Friday, December 12, 2008

Cabana Village Flat Pack Huts / garden house / beautiful sheds / cabins


These two from:

This one from another post, also from the lovely

Take a look at the new sheds / huts / cabins I think I might start building in Gautemala. I could build this in a home-based factory and sell them, and put them up on my lots and sell them that way too. I will always put a small stained glass window somewhere in the hut with my name on it so people remember where they came from. I could do the gardens and walkways and hot tubs and all the rest as well, or just sell the shed / hut kit. I think I really might have finally found the answer to "how do I build houses with only $10,000?" !!!

There's also this thing called "flat pack" furniture, huts etc. that means it's all built flat and can easily be shipped. I really think this could be a viable income producing business that ties int with the school I wanted to do, as well. All I would need is a carpenter and a helper, and a gardener. Most laborers get 50 cents an hour, experienced get $1.00 and good carpenters can get double, up to $2.00 per hour. I can afford that. Et voila!

My favorite so far: Cabana Village, backyard cabin kits and cottage bunkies:

Great site with lots of reader photos and ideas:

Shedworkers U.K.:

Winner of Shed of the Year*: and

IKEA flat-pack homes (ugly, but good idea):

Flat Pack Furniture:

$1500 flat pack house - Boing Boing
20 posts - 19 authors - Last post: May 26
Even if it's only an "architect-designed" quonset hut? ... A Hexayurt is also " flat-pack." It can be constructed in a few hours with just a ... (Note: not the most attractive, but an attractive price and maybe I can alter the design... the price is definitely right!)

Will wonders never cease?


This one might be for me:

Goring Folly - shed, summerhouse and then some
by (Alex) from Shedworking (other blog) 06-07-2008. Photo above

Goring Folly is Timothy Blewitt's wonderful 4m-tall shedlike building on an ambitious scale, taking in a tower with spiral steps leading down to a natural well, a 'ruined arch' and a two roomed building with loft. The idea was to create a unique building of some architectural interest utilising locally reclaimed materials such as local flint and bricks from demolition work at nearby Worthing Hospital in its construction. The site covers the build in marvellous step-by-step detail including the moments when he was hospitalised by a flint, caught hypothermia, and nearly drowned. Of particular shedworking interest though are the summerhouse and shed. Here's what has to say about them: "Externally the bricks have been laid in patterns and knapped flints in panels. Stone within the walls is both rough and cut. Internally there are two rooms linked by a keyhole doorway. Several carved stone panels reclaimed from a defunct Belgium church decorate the inside and the ecclesiastical feeling is further enhanced by the inclusion of five stained glass windows. The Summerhouse has leaded light French doors and the shed a solid studded door made from scrap wood. The 'studs' are mainly 19th Century hand beaten nails from France." For lots more construction photos [see the site].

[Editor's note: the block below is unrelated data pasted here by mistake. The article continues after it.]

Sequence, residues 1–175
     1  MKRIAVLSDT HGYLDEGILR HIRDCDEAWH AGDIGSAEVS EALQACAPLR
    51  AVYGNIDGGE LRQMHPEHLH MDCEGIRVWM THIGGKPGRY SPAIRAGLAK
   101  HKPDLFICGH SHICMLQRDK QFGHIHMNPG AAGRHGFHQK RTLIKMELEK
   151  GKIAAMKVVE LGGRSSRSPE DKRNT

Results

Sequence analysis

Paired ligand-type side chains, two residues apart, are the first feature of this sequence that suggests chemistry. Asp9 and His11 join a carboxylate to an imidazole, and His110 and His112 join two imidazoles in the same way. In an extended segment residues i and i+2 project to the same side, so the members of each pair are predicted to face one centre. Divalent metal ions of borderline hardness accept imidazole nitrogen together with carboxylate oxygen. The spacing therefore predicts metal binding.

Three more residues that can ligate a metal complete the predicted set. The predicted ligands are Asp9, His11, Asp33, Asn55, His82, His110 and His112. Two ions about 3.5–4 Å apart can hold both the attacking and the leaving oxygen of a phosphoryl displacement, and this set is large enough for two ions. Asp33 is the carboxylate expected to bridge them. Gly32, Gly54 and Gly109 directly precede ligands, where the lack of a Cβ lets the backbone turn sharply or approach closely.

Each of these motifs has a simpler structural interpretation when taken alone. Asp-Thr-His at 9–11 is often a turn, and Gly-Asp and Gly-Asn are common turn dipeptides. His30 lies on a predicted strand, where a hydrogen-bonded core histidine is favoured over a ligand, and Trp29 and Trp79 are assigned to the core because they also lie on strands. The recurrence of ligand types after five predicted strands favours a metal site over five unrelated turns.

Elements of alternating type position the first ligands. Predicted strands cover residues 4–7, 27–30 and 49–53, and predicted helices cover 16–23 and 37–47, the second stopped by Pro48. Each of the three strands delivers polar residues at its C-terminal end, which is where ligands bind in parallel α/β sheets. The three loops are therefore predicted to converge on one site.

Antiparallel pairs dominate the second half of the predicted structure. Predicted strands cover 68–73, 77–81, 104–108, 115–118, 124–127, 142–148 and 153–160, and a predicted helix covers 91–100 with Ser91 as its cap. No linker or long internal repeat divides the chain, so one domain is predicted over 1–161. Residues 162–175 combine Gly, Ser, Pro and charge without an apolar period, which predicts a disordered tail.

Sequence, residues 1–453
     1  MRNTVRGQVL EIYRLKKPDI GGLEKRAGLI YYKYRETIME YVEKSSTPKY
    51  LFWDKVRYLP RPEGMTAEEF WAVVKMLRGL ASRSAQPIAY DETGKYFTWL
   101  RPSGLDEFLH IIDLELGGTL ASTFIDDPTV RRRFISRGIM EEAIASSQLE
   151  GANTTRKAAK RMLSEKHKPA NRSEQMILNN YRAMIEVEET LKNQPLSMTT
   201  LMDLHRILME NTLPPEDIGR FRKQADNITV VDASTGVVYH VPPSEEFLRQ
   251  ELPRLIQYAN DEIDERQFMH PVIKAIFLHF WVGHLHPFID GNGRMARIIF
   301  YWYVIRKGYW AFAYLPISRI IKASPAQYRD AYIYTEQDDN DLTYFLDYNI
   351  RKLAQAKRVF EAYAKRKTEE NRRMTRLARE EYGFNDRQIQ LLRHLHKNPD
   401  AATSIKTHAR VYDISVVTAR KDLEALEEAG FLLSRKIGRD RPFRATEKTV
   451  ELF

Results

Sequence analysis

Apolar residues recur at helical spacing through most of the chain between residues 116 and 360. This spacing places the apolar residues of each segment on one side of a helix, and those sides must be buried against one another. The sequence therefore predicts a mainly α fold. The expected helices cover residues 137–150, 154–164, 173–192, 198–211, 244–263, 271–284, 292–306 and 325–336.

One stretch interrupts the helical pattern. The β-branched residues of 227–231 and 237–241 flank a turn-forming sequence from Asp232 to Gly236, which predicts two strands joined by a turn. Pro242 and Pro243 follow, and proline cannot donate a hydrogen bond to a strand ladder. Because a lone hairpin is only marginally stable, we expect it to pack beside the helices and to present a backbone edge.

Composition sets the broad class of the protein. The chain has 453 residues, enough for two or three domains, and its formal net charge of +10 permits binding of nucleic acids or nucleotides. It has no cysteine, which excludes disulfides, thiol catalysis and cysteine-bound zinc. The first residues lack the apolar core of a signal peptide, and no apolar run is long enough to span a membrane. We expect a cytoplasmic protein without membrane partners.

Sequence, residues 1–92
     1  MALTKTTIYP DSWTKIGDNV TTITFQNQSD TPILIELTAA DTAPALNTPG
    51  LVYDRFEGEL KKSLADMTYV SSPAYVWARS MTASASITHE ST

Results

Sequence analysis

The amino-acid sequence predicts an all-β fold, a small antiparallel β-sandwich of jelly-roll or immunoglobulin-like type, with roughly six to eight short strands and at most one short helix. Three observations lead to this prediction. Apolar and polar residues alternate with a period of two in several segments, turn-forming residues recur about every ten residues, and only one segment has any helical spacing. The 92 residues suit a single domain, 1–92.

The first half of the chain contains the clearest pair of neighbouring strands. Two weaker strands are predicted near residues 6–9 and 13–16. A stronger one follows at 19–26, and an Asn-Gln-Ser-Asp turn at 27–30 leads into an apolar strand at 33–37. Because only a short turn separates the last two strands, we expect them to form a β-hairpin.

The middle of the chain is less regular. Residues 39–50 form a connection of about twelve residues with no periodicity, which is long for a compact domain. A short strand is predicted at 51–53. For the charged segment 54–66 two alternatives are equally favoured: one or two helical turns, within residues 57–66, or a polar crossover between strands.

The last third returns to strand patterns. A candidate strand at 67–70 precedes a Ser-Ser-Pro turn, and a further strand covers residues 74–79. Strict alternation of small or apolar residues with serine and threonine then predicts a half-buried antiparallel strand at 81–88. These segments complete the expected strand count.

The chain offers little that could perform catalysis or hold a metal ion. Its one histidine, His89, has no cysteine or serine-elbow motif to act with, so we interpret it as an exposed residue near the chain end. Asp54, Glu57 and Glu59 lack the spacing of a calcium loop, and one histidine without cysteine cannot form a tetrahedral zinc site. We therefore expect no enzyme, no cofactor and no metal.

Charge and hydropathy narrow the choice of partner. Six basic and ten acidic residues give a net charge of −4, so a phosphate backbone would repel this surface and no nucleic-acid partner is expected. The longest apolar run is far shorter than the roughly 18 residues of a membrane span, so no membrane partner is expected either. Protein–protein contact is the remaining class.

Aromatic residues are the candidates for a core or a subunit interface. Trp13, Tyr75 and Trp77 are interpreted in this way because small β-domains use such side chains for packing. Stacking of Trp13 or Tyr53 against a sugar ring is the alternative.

A "Live Modern" write up about shed of the year (I didn't really like it that much, but it's octagonal and has some good ideas):

Winner of Shed of the Year 2008
by (Alex) from Shedworking (other blog) 07-08-2008 05:56

There was a huge public response to the competition with more than 3,000 votes for over 900 entries in 12 categories but in a very, very close call the winner is the Rugby Pub owned by Tim from Sudbury, Suffolk. Designed and built by Tim himself, it has eight roof lights, an octagonal roof and double doors. Plus a full bar, three fridges, ceiling fan, running water and sea grass matting floor. And a hammock. But there's no television, no phone and, as Tim puts it, no shortage of liquid refreshment. You can see more pictures and details at and keep checking Shedblog for more updates.

Here are some comments from the judges: "This looks like great fun, and those trapezoidal windows in the roof! Not an easy thing to do, and the builder provided the best description. Great job, I want to have a drink there." - Lloyd Alter, "Like the ceiling fan idea. If I had a shed like this with a bar in it I'd never leave." - Tony (2007 Shed of the Year winner) "Pubs and sheds. It feels like there's a natural link between them, two of the world's greatest building concepts which are far more than the bricks and mortar (or timber and felt) from which they're constructed. As soon as you step inside a great shed, you immediately have a warm and comfortable sensation, and that's exactly how you should feel in a great pub too. Bring the two together and - BINGO! - you've got a very worthy winner indeed." - Alex Johnson from Shedworking Look out for the International Shed of the Year and our photo competition winners later in the week. National Shed Week has been supported this year by Garden Buildings Direct (provider of the grand prize), The Cheese Shed and Make mine a Builders tea.

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